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Cut Gregg Popovich and he'd bleed red, white and blue.

The Spurs coach, a 1966 Merrillville grad, played ball at the Air Force Academy and majored in Soviet Studies. He's a true patriot who'll sound off the instant he sees injustice.

There is no muzzle on him when it comes to sports and politics. Both are fair game.

Monday, the NBA held media day throughout the league and while most teams chose to talk about their upcoming season, Popovich used his celebrity to preach from the pulpit of social responsibility.

President Donald Trump’s scathing comments about athletes who kneel in protest during the national anthem has induced a huge pushback in the sports world, causing an even bigger divide in the country.

At a Friday rally in Huntsville, Alabama, Trump said NFL owners should fire players for disrespecting the American flag. He called any player who kneels during the anthem a “son of a (bleep)" and has refused to apologize for it.

Here's the dilemma: Trump is talking about honoring the American flag and our country. Athletes argue that this is all about freedom of speech and expression, which the American flag stands for.

We have two colossal issues butting heads, with neither side backing down.

"Our country is an embarrassment in the world," Popovich told reporters at media day Monday.

He then chuckled when asked about Trump rescinding the NBA champion Golden State Warriors' invitation to the White House.

"I thought it was comical that it was rescinded because they weren't going to go any way," Popovich said. "It's like a sixth-grader is going to have a party in his backyard and he finds out somebody might not come, so he disinvites them.

"Although it's disgusting, it's also comical."

Popovich said he was shocked at how some NASCAR owners have spoken out against their drivers protesting, specifically Richard Childress, who was Dale Earnhardt's longtime team owner. He said if anyone protests, "It'll get you a ride on a Greyhound bus."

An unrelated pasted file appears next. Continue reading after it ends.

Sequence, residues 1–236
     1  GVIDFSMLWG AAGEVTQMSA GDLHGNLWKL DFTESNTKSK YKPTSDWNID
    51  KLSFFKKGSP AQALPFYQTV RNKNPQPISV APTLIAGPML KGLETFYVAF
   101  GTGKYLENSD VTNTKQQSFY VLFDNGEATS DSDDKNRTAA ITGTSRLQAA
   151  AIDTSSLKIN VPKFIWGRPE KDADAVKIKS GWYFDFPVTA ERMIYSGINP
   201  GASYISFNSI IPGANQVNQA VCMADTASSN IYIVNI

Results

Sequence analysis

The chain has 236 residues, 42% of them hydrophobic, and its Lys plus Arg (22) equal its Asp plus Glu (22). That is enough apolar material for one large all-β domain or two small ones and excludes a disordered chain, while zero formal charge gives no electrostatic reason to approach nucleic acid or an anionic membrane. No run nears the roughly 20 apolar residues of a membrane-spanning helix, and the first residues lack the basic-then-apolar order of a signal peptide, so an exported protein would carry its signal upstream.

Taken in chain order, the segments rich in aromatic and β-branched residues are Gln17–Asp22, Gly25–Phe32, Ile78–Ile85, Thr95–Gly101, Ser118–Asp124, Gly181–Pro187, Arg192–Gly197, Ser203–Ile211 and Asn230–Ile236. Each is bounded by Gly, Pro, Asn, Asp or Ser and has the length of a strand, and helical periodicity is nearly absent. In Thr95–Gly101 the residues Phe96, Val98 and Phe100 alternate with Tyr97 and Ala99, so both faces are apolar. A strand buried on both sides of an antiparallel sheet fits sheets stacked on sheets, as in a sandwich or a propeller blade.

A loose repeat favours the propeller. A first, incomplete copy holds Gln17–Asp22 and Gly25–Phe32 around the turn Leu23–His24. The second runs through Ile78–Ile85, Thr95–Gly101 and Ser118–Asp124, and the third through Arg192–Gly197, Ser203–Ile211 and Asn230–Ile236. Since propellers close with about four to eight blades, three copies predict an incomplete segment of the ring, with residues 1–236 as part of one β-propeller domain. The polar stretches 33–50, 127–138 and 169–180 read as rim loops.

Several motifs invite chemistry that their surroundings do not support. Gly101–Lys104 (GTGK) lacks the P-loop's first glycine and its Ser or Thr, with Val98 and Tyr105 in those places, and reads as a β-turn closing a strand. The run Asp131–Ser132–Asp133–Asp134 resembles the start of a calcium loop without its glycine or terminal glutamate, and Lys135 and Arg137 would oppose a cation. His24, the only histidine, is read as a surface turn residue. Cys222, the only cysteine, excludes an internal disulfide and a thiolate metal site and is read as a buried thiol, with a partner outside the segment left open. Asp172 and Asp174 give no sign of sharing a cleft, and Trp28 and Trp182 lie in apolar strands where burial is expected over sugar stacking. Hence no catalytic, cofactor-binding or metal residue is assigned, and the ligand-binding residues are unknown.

A ride out of town, that is.

Richard Petty, owner of NASCAR's Petty Motorsports, said anyone who protests should leave the country.

"That's where I live," Popovich said. "I had no idea that I lived in a country where people would actually say that sort of thing."

Pop added that he'd never tell his players how to act during the national anthem.

"Each one of them has the right and the ability to say what they would like to say and act the way they would like to act," Popovich said. "They have our full support.

"No matter what they might want to do or not do, it is important to them to be respected by us, and there is no recrimination, no matter what might take place unless it's ridiculously egregious."

During Sunday's NFL games, some teams like the Bears stood with arms locked during the anthem, others had players who knelt or stayed in the dressing room.

And it's beginning to spread to other pro sports.

Again, no disrespect intended, they all claimed. They were just protesting social injustice.

At Bulls' media day, vice president of basketball operations John Paxson was asked if his players will stand or kneel this season. You could tell the question made him very uncomfortable.

"We met with the team earlier and it's something we're going to talk about again and come to some agreement on what to do. I'll let it go at that," Paxson said. "We understand the magnitude of what's going on and how divisive things are right now.

"The great thing about sports is how it can bring people together and that's what I think you're going see happen more and more now because of what's going on."

Newly acquired Zach LaVine said whatever the team decides, they'll do it together.

Popovich emphasized that people need to come together, now more than ever, in spite of everything that is going on politically.

At the moment, though, we have two divided camps ruled by emotion.

This column solely represents the writer's opinion. Reach him at